BEIJING China has raised its target to close outdated steel smelting capacity to 28.7 million tons in 2014, the industry ministry said on Thursday, as it tries to rein in inefficient and polluting industries.
The figure is above the 27 million ton closure target included in a government report delivered by Premier Li Keqiang in March, although is still only a fraction of overall capacity after crude steel output hit 779 million tons last year.
Beijing has been trying to force industries such as steel, cement and aluminum to update technology and close obsolete facilities in a bid not only to improve air quality, but also to tackle supply gluts that have eroded profits and put dozens of plants on the brink of bankruptcy.
China's efforts to shut down steel plants are unlikely to have a material impact on crude steel production, Alvin D'Almaida, an analyst at Wood Mackenzie told an industry conference in Singapore.
"Much of the shut down capacity will target small, obsolete plants and many of which are already idle. Shutting large plants is unlikely given the impact on employment and the high level of unpaid debt it would create," he said.
Separately, the chief executive of miner Rio Tinto (RIO.AX) said that moves by China to reduce capacity by closing ageing steel mills would mean that the country would need more high-grade iron ore produced by countries such as Australia.
"There have been announcements they will take off capacity from those mills that are the least environmentally performing. Associated with that, we've also seen there's been a move to high grade the iron ore that the mills are bringing in," Sam Walsh told reporters after Rio Tinto's Australian annual meeting in Melbourne.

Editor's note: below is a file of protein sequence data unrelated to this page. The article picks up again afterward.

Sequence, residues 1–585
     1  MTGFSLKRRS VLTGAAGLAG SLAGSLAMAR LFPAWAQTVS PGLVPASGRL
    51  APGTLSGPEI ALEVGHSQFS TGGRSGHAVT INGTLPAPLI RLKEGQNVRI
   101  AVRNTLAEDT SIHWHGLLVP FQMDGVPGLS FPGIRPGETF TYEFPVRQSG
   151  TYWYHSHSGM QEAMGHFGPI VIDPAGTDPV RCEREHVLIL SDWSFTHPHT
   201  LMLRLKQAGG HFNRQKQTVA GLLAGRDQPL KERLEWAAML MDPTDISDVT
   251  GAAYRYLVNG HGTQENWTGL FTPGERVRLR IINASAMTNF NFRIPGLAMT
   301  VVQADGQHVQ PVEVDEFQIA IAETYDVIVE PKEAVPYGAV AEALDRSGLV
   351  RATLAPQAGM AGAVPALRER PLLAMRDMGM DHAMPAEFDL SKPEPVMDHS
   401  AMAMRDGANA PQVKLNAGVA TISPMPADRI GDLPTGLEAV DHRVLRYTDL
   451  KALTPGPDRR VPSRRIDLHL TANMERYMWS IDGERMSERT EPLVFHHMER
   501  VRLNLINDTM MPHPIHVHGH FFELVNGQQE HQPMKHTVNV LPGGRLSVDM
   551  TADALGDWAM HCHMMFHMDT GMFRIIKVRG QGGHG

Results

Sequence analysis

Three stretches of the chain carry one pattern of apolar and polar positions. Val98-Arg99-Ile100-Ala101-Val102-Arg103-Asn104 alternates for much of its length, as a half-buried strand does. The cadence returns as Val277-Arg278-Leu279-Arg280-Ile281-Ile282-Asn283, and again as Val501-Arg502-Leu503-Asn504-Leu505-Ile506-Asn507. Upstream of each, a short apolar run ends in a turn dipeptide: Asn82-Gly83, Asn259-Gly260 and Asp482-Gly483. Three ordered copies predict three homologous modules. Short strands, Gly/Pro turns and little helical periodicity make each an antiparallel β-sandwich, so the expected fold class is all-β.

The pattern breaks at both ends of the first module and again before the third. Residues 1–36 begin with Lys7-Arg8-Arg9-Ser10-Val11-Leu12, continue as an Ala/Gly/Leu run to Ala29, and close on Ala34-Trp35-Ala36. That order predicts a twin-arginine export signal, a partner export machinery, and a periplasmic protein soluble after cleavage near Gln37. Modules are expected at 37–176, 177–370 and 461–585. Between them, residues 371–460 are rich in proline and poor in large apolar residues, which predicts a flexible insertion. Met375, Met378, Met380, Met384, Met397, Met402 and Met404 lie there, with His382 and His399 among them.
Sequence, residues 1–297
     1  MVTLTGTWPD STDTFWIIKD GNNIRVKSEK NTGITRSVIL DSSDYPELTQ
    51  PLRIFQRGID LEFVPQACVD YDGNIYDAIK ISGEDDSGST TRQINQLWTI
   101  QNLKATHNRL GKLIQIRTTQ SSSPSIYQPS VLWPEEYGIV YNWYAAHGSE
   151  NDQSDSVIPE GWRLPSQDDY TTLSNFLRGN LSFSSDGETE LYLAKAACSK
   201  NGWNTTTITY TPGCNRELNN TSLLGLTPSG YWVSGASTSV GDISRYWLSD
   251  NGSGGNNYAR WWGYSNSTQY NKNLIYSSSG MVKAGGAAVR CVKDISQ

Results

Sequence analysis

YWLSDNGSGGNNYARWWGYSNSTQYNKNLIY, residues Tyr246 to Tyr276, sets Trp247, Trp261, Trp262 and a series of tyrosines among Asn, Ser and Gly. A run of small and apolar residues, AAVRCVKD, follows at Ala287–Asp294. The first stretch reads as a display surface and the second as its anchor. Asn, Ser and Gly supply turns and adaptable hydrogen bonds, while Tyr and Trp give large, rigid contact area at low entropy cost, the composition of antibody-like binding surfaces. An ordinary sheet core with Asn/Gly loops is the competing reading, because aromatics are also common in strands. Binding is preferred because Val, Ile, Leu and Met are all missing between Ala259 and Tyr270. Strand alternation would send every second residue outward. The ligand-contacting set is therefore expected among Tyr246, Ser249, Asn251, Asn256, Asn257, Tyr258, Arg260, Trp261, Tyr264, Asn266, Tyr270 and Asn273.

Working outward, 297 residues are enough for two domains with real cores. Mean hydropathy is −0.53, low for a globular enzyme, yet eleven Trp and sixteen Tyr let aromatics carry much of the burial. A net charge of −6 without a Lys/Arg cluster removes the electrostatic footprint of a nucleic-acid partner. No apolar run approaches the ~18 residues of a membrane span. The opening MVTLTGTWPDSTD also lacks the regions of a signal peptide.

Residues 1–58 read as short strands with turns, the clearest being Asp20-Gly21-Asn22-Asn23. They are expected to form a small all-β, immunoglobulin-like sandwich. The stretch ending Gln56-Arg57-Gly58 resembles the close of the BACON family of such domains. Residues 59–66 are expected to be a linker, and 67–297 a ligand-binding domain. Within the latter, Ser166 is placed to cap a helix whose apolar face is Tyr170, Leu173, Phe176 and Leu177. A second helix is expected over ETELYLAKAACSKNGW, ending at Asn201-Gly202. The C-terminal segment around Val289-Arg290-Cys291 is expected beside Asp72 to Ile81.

China's Ministry of Industry and Information Technology (MIIT) said in an announcement on its website (www.miit.gov.cn) that it would also shut 50.5 million tons of cement capacity this year, higher than the 45 million ton target set in March.
China also pledged to close 420,000 tons of outdated aluminum capacity and 512,000 tons of copper production capacity this year.
In addition, 12 million tons of coking coal production facilities, 2.65 million tons of papermaking capacity and 102,400 tons of rare earth oxide production is due to be shut.
The closures are part of a national "eliminate outdated capacity" program and are separate from a government plan to combat air pollution by shutting facilities such as steel mills and cement plants in northern China and other smog-hit regions.
The province of Hebei has been ordered to close 60 million tons of crude steel production between 2014-2017, and China is also forcing hundreds of industrial enterprises to upgrade technology to reduce air and water emissions.
An action plan on air pollution issued last year also banned the construction of new steel, oil refining or thermal power facilities in heavily polluted regions such as Beijing and the Yangtze and Pearl river deltas.
China has excess industrial capacity in many sectors. The utilization rate in the steel sector was just 72 percent in 2013, while in the cement and aluminum sectors the rate stood at 73.7 percent and 71.9 percent, respectively, according to official estimates.
Authorities have threatened tough punishments for industrial plants that continue to operate despite failing to meet capacity, environment and technology standards, but it is also planning to boost incentives for firms to toe the line.
China's finance ministry said on Tuesday it would provide more subsidies for smaller firms to help cover the cost of meeting the new standards.
(Additional reporting by Manolo Serapio in SINGAPORE and Sonali Paul in Melbourne; Editing by Ed Davies)